Susan Isiko Štrba, Migrants, health and Economic effects of COVID-19 (2), 25 April 2020

It has been acknowledged that the Coronavirus knows no boundaries and respects no persons. Obviously, it has spread to and through migrants as well. While it would not be correct to say that all migrant workers are particularly disadvantaged when it comes to dealing with Covid-19, it is fair to say that many fall under the vulnerable group.

While Covid-19 might have had a negative health and economic impact on everyone, migrants are hard hit. It is enough to mention a few examples. In Singapore, it is reported by Noeleen Heyzer that the second wave of infection is mainly due to migrant workers, especially those concentrated in dormitories. As Nancy Berlinger and several others point out, immigrants and other members of low-wage workforce continue to use mass transportation to commute to hourly-wage jobs that cannot be done through telecommuting. Respecting social distancing may not be realistic for this kind of people. Migrant labour is backbone to several developed countries, and at the same time indispensable to the immigrant and her country of origin. For example, according to the International Organization for Migration (IOM), just last year migrants spent over US$500 billion in remittances.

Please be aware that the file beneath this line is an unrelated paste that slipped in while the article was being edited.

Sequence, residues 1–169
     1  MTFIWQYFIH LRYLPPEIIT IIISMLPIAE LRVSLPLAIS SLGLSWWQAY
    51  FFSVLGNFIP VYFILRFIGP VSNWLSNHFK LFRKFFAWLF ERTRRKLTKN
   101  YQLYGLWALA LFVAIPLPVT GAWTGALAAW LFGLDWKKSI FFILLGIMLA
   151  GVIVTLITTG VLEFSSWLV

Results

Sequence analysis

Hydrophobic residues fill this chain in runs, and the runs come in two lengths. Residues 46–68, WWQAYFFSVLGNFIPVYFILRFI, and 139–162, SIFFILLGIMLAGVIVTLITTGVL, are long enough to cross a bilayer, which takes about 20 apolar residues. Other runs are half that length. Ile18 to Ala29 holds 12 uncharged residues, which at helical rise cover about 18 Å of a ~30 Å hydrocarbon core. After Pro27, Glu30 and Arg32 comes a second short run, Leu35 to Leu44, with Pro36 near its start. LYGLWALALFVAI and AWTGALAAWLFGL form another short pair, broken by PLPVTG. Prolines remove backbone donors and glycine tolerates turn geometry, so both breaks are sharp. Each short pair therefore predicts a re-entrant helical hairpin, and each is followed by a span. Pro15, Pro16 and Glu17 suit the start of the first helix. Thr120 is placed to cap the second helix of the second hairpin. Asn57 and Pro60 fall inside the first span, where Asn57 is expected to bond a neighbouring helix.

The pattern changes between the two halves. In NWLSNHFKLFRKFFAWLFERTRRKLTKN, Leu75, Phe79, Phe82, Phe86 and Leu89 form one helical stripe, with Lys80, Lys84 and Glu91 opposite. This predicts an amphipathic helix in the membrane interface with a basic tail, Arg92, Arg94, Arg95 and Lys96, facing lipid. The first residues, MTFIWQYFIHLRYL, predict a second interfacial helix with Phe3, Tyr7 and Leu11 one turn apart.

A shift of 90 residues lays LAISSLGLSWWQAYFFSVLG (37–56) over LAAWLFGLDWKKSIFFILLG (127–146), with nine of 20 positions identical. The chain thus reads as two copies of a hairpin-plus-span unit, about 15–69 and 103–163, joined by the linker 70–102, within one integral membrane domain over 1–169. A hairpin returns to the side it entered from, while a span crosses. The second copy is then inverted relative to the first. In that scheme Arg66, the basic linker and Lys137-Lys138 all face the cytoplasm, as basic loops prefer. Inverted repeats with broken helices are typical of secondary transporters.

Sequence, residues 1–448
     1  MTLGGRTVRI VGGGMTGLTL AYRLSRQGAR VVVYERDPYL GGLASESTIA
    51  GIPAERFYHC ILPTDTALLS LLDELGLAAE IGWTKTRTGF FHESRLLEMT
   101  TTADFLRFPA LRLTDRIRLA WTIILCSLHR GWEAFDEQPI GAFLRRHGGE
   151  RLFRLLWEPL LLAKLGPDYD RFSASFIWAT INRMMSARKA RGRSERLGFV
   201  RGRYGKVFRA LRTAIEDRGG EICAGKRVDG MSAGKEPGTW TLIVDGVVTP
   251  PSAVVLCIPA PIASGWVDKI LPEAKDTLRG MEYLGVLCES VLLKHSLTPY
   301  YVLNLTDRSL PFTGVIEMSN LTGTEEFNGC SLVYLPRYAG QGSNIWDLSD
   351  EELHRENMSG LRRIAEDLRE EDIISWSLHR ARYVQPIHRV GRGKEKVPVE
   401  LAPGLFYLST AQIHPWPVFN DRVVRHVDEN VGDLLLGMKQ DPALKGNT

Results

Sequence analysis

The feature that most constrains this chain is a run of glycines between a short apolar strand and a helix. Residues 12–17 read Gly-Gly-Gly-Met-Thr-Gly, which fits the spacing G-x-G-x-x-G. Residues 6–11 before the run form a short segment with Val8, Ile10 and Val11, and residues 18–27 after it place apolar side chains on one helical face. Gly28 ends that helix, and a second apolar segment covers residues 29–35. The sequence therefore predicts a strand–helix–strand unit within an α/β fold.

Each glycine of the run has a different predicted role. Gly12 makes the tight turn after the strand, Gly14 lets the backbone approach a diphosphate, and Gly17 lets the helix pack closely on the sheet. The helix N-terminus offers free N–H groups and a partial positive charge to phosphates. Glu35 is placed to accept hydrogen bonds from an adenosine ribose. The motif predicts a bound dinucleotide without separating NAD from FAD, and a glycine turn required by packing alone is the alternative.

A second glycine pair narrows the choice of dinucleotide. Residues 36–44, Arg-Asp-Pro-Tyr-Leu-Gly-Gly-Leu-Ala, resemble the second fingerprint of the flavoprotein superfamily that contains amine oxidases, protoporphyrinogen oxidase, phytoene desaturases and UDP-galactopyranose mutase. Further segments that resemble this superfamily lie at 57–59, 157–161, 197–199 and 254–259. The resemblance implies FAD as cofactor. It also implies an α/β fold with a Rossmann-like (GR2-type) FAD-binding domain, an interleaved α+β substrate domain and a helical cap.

This rather marginalized group is very important to the fight against Covid-19. But the pandemic has only highlighted an already existing problem - policy makers need to pay particular attention to the migrants. Otherwise, it is just a matter of time before everyone else pays for their neglect.

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